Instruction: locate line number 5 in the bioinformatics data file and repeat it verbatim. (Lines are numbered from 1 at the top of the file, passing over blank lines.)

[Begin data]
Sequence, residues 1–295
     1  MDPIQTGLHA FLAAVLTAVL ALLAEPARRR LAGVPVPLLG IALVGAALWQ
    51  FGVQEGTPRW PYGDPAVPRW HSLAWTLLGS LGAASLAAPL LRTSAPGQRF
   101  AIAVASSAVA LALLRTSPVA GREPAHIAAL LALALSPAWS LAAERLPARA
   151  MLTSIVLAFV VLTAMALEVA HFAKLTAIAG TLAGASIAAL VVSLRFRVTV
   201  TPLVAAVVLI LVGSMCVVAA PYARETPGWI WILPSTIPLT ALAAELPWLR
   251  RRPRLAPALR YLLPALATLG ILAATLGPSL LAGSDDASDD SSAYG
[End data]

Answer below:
   151  MLTSIVLAFV VLTAMALEVA HFAKLTAIAG TLAGASIAAL VVSLRFRVTV